Avengers picks up where Thor left off. Or maybe also where Iron Man, Captain America, Hulk might have left off but I wouldn’t know because I haven’t watched any of them. Loki comes back to earth to steal the Tesseract, which kind of looks like the Energon cubes from Transformers and recruits Barton and Selvig (from Thor) into his team. With the help of The Black Widow and Coulson, Nick Fury, who heads SHIELD, assembles the team of superheroes, which includes Iron Man, Hulk and Captain America. The team is later joined by Thor. For some reason, Loki wants to destroy earth. Why? That wasn’t brought out so clearly in the movie. He is presented as a Hitler-like character who craves power and destruction. During a face-off in Germany, Loki is arrested and taken back to the air/sea-borne SHIELD ship.
A scene where the Avengers try to figure out Loki’s mission and how to deal with him is one of the best ones. The dialogue is choppy and brings out the Avengers’ insecurities and possible cracks in their assemblage. I have a few problems, though. Other than it not being so clear why Loki looks to destroy earth, there’s a scene where Captain America breaks into a locked room to investigate something after an argument with the rest of the Avengers. I don’t understand how no alarm went off. If it was important enough to make sure the room was locked, then it is important enough to know when someone goes in. Also, Loki’s power is hypnotizing people and manipulating them. It wasn’t clear how the spell was broken. It all seemed pretty convenient for the film when it happened.
Most of the issues come down to the storyline, which I believe was written by Zak Penn. The dialogue is obviously Whedon’s, if you’re familiar with his work. Fast, sarcastic, witty but more realistic than, say, Aaron Sorkin’s. One thing that came out right was how the characters fit in their roles. I’m always impressed when through the length of a film, you don’t recall any other films the actors have done before. In this respect, I was mostly impressed by Chris Evans. I don’t think it can be helped that RDJ is the same person in all his films. And I’m starting to think Samuel L. Jackson writes all his lines for films he appears in. Always cheesy, but somehow, it works.
This is the last movie you expect to see good performances but Mark Ruffalo is brilliant as the Hulk. You never really think about someone having to play a character whose most valuable asset is actually a negative and he has to keep it bottled in. He plays really nice for someone whose “power” is instigated by rage and has to subdue it. I also like how his whole condition was treated. It might have won them the war, but no one really wants him to turn into the monster.
No character elicits such goodwill from the audience as much as Hulk did. Every scene with him was just short of drew applause and had an uppity feel to it, which is weird considering there is no method to his madness. He’s not graceful, cool or calculated. He just smashes. And you have to give it up to Ruffalo doing this despite the drama surrounding the character. The Hulk has been played by three different actors in as many films. His character is more open to criticism because the last actor (Edward Norton) in the role was actually pretty good and fans wanted him back. Unlike the other actors, Ruffalo does actually play the Hulk in his “possessed” state. The other ones were CGI but this time, it’s motion capture. So, expect for the voice when he’s the monster, it’s all him. And you can actually see that in Hulk’s face, he still does look like Ruffalo.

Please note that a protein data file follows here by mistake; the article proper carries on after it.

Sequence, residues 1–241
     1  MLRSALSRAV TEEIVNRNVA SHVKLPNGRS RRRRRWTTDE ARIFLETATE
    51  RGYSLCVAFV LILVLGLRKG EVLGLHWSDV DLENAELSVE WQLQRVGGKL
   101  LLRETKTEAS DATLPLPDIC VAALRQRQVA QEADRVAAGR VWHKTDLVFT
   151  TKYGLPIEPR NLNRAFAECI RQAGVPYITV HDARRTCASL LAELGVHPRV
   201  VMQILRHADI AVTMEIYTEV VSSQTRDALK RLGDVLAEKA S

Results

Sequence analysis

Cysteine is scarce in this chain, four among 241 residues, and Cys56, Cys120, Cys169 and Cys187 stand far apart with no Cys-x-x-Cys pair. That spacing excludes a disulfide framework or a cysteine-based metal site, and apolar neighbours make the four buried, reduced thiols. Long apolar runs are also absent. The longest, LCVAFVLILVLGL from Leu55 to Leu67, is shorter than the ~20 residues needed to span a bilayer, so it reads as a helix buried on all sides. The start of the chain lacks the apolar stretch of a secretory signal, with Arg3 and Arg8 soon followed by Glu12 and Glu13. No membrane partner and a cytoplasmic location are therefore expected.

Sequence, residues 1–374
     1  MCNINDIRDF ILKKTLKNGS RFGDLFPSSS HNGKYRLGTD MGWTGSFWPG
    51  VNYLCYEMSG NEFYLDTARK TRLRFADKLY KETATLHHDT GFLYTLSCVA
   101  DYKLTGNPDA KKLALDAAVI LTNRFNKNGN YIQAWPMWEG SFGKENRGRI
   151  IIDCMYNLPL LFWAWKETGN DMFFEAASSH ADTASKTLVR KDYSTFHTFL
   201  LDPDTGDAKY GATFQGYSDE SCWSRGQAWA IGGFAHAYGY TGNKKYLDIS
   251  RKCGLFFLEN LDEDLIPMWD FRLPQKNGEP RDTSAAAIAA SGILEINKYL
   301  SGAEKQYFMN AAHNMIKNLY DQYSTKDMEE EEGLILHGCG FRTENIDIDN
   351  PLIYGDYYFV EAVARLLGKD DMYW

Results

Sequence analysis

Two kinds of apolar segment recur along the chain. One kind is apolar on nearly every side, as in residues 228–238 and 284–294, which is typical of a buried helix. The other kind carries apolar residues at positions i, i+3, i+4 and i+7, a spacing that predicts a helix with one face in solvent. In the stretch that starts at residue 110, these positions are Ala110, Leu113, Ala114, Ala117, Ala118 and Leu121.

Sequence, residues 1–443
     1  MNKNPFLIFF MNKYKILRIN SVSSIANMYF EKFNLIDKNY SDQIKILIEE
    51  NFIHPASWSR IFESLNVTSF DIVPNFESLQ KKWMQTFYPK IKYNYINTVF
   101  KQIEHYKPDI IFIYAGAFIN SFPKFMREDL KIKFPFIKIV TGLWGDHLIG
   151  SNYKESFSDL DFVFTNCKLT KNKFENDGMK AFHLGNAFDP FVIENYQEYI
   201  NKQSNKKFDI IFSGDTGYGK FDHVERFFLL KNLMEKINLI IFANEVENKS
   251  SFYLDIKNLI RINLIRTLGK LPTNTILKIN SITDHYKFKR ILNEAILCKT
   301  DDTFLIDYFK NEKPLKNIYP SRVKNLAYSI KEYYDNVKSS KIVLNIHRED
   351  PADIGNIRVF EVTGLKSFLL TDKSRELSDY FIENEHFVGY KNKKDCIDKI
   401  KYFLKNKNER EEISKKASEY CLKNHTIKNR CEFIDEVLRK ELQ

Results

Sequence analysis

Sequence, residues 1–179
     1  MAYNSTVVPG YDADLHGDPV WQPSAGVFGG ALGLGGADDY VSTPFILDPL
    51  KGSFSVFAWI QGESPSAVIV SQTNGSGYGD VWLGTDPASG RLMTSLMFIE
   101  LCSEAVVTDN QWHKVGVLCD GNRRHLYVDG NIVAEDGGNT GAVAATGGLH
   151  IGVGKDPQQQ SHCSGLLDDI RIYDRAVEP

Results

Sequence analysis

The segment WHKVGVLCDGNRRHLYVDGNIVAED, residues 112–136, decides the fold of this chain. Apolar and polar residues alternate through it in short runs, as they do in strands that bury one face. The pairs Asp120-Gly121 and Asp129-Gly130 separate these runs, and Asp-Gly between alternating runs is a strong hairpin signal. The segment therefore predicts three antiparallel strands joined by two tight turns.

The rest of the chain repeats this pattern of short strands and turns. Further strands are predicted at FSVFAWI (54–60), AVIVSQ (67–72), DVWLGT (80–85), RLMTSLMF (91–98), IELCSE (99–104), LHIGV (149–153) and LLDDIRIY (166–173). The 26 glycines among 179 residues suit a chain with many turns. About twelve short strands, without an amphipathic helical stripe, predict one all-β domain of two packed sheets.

A lot has been said about the climax. I was afraid I was too amped up for it and it might fail to live up to my expectations. But the last third of the movie really is that good. There’s a very cliché scene where the group assembles to face the Chitauri under Loki’s command. The camera circles the team in aforementioned cliché way. Somehow, it comes off as powerful. It makes you super-excited for whatever’s to come.
There’s a scene that I don’t know if it’s meant to pay homage or mock The Dark Knight Rises. It’s involves Iron Man, his mask and kind of looks like the TDKR poster that drew speculation about the Batman’s fate. Another scene involving Barton is similar to an action sequence on MI:4’s opening scene. The actor involved is actually also on MI:4. This third act solidifies Hulk’s awesomeness and completes a pretty decent character arc for Iron Man. It humanizes him despite his douchbaggery. The thing they did with Stark tower at the end was a nice touch.
The film has good supporting characters like Maria Hill, Fury’s sidekick played by Colbie Smulders and Clark Gregg’s Phil Coulson, which looks like a role that was written for John Turturro. The end sequence which is a vox pops of the events was also a really cool. The best bits cancel out and more than makes up for the iffy bits. The film is a popcorn flick but Joss Whedon balanced the action well with the characters’ humanization and moral issues.
The film is post-conversion 3-D and IMAX but it was done so well. The depth thing I keep saying you never see in 3-D films is actually seen here. Except for the screaming from the guys sitting next to me, it was a great experience. The best way to enjoy Avengers is on IMAX.